The North Fork of Long Island may not be as glamorous as its southerly neighbor (the more famous fork, home to the Hamptons and Montauk) but it's an agricultural paradise with rich soil and an ocean-tempered climate that remains largely rural and committed to its agrarian roots.
Traditionally potato country, the region is now home to more than 30 vineyards and is teeming with large and small-scale vegetable farms, berry patches, and orchards. In addition to the farmers' markets, CSAs, and roadside farm stands, you'll also find top-notch farm-to-table dining. (like the North Fork Table and Inn).
So who's behind the bounty of good food coming out of the North Fork? I recently spoke with the owners of Golden Earthworm Organic Farm, an organic plot in Jamesport, New York.
Names: Maggie Kurek, Matt Kurek, and James Russo.
Farm: Golden Earthworm Organic Farm
How many acres? Nearly 80 planted acres.
Your crew: About 15 seasonal crew members.
Hours: Our farm stand is open Wednesday, Friday, and Saturday from 9 a.m. to 5 p.m.
What you grow: Nearly 100 different varieties of vegetables, herbs, berries and flowers.
Your customers: Mostly CSA members at 27 CSA sites throughout Nassau, Suffolk, and Queens counties, and at our three farmers' markets in Huntington, Islip, and Port Washington.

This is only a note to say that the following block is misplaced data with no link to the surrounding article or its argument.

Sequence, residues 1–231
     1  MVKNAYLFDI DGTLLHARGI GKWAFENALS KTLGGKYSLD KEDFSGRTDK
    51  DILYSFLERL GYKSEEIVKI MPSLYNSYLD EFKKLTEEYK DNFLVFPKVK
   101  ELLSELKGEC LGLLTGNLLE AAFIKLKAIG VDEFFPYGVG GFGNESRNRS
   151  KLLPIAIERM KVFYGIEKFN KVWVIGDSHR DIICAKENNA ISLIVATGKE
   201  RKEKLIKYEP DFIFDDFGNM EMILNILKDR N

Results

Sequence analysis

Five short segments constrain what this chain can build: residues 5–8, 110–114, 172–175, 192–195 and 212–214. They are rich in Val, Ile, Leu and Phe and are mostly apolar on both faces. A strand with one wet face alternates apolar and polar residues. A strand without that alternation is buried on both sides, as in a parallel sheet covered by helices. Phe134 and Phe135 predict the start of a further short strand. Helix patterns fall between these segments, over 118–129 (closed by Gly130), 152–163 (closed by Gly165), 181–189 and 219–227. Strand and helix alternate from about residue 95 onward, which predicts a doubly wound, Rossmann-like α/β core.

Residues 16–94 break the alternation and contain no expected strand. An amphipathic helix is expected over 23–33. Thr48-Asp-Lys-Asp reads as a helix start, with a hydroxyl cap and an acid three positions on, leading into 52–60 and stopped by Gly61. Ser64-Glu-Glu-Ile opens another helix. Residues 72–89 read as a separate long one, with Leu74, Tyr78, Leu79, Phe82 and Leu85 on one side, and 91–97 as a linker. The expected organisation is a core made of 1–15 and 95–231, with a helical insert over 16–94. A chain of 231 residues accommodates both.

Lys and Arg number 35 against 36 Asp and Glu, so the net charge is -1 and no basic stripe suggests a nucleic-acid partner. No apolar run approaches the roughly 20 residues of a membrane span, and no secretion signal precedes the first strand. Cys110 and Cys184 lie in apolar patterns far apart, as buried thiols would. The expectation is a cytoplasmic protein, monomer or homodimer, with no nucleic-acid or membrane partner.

How you got into farming: Matthew started out as as chef in Manhattan and came back to Long Island (where he grew up) to start farming. He founded the Golden Earthworm Farm in 1996. James joined us in 2003 and came with an agriculture degree and experience working on various farms and vineyards.
Where did you learn to farm? Matthew was completely self-taught.
Your farming philosophy: We farm because we believe it's the single most important thing we can do with our time, energy, and expertise. Food is life. It's the foundation of health, family, and community. What can be more important than that?
Why do you farm? We love growing food for our local community. We like to get to know the people we feed each and every day.
The best thing about farming? Being outside!
The worst thing? It's not an easy life, and we often have to sacrifice time with our family to take care of the farm's needs. With each passing year we try to find a better balance of family and work life, but it's a challenge because everything at the farm is so time-sensitive!
Most important lesson you've ever learned? Patience. Farming teaches patience above all else since there are so many things out of your control—most importantly, the weather!
What's the most important piece of advice you'd bestow on a young would-be farmer? Go work on as many farms as you can before you think about starting your own. Matthew was self-taught, but it took a long time. You can learn a lot from farms that have been around for a while.
The future for good food? There's a bright future for good, local food. We think we'll start to see more people inspired to grow their own food in their backyards and in community gardens to supplement what they can purchase from local farms.
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